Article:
Posted:   Jan 16, 2011 - 4:38 AM   
 By:   Josh "Swashbuckler" Gizelt   (Member)

This score is one that I often return to. It has a sense of nostalgia without getting lost in an overly sweet sentimentality. This is absolutely a Morricone masterpiece. If you can get through the finale without a tear, then you've effectively proven yourself to be a Replicant.

I actually have to agree that the shorter version of the film is the more powerful. Both are preserved on the current DVD, so one can easily compare how the film works in both edits, but I find that the last third of the extended version of the film, while built with symmetry to the first part, takes away from the impact of the finale.

 
 Posted:   Jan 16, 2011 - 7:28 AM   
 By:   Zambra Alex   (Member)

Great post and clips Morricone.
This score and movie really belongs in everyone's collection.
Deeply emotive ,
Thanks for your valuable contribution.
Alex

 
 
 Posted:   Jan 16, 2011 - 9:52 AM   
 By:   Eugene Iemola   (Member)

I love this movie and score. It reminds me why I love the movies.

 
 Posted:   Jan 16, 2011 - 12:46 PM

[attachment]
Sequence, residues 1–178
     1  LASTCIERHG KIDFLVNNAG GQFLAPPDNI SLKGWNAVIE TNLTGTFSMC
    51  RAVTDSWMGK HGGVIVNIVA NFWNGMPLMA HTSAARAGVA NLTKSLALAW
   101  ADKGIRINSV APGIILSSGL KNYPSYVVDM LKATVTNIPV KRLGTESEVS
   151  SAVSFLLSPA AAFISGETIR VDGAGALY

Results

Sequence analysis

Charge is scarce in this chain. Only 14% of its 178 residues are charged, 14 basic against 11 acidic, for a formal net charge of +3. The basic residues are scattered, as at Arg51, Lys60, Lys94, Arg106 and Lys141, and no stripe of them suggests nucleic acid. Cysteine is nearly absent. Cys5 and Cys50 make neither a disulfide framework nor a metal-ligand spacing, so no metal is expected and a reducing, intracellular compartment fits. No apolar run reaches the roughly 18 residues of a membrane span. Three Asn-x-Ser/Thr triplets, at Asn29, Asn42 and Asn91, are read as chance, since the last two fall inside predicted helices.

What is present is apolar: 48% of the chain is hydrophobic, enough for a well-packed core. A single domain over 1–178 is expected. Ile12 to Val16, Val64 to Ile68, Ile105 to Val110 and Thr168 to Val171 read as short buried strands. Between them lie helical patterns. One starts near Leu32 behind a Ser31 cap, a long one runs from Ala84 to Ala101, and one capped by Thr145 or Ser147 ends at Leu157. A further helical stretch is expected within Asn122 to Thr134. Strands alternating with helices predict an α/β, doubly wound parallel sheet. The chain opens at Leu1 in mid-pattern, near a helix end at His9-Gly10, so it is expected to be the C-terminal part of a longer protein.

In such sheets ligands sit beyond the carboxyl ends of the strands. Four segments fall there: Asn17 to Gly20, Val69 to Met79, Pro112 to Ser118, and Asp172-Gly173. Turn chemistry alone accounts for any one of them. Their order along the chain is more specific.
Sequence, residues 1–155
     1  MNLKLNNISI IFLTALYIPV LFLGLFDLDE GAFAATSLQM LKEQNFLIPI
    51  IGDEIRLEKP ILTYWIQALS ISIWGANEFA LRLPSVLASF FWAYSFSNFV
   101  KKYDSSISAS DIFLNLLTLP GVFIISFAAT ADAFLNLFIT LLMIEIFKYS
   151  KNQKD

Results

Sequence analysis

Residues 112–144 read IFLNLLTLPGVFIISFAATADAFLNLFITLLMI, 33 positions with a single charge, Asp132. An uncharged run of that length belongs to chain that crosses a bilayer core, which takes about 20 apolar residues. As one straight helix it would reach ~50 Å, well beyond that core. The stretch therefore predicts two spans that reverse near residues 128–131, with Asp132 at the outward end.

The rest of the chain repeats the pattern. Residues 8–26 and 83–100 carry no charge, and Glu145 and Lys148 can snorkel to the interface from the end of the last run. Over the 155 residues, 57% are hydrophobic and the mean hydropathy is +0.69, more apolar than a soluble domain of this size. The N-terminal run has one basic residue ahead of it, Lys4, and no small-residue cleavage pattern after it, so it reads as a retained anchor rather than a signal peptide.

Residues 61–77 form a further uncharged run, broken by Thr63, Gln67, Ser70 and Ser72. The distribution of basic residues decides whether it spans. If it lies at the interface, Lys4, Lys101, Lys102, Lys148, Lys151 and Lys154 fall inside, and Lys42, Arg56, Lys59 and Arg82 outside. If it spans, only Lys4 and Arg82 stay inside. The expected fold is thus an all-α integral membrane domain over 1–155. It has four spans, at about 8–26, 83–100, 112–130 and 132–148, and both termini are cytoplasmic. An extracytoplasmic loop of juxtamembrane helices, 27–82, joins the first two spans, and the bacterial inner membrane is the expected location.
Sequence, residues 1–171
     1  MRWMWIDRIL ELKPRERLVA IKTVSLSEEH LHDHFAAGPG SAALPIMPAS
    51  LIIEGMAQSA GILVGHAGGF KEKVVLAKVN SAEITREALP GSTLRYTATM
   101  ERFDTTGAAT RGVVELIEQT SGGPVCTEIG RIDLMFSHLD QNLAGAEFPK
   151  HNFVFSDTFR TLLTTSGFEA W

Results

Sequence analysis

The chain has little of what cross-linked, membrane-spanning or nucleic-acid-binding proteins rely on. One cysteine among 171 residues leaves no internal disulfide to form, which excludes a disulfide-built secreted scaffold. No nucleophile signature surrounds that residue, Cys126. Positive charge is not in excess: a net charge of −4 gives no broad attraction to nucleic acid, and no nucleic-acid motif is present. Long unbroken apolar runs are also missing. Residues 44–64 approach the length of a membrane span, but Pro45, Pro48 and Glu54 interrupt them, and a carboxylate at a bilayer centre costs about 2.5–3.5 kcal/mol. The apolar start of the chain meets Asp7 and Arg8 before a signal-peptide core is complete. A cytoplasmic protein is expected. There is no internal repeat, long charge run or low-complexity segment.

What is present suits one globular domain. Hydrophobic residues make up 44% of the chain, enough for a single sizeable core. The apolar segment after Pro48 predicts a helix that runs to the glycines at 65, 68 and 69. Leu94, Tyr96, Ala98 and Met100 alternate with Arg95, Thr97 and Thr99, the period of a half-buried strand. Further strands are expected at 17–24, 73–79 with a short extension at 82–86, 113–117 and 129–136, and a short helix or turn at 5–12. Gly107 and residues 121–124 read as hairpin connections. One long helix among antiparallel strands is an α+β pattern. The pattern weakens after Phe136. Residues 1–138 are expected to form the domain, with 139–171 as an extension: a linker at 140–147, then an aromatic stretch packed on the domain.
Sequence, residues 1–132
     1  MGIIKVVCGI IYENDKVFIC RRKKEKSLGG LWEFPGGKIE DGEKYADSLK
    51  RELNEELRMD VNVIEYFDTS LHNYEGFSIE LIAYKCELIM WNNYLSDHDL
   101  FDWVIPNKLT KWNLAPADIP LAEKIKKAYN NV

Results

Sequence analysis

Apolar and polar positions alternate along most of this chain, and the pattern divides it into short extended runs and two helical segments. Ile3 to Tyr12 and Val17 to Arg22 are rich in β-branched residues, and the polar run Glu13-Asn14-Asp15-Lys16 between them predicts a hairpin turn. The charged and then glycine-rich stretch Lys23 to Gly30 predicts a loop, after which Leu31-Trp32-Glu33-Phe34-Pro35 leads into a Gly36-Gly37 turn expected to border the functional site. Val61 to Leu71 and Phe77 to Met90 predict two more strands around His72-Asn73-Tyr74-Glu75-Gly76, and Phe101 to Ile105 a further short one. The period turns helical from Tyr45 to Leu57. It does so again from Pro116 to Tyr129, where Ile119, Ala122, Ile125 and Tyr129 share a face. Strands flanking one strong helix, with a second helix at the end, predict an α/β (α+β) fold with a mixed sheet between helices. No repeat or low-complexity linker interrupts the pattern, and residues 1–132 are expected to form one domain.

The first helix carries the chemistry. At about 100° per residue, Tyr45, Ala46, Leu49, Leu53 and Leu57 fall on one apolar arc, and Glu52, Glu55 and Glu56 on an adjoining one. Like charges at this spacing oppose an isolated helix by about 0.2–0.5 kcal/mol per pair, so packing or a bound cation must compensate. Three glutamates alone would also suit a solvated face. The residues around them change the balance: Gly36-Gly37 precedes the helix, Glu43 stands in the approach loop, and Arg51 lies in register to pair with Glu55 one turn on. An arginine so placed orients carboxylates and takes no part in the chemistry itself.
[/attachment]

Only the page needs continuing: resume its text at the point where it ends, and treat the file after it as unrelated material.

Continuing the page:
By:   wayoutwest   (Member)

Really enjoyed the score own the older expanded GDM cd had often wondered about the shorter version had thought that maybe the expanded version was not making the best of the score and pretty sure I remember reading somewhere that Morricone was not happy with the expanded version.

 
 Posted:   Jan 16, 2011 - 1:11 PM   
 By:   Josh "Swashbuckler" Gizelt   (Member)

My understanding is that Morricone was not very pleased about the expanded edition that has been released (technically the second expansion as the original album was also reissued by DRG at one point with a bonus track that I do not believe appears on the GDM edition), but I have to admit that I like it better than the original album.

 
 
 Posted:   Jan 16, 2011 - 1:15 PM   
 By:   mikael488   (Member)

I also prefer the expanded version. It does after all contain a few gems not found on the original release.

 
 Posted:   Jan 16, 2011 - 1:49 PM   
 By:   Maleficio   (Member)

Really enjoyed the score own the older expanded GDM cd had often wondered about the shorter version had thought that maybe the expanded version was not making the best of the score and pretty sure I remember reading somewhere that Morricone was not happy with the expanded version.

I found that the expanded edition really weakens this marvelous score since the additional material is essentially variations of the main themes with varying sound quality.

The original album is perfect.

 
 
 Posted:   Jan 16, 2011 - 6:38 PM   
 By:   franz_conrad   (Member)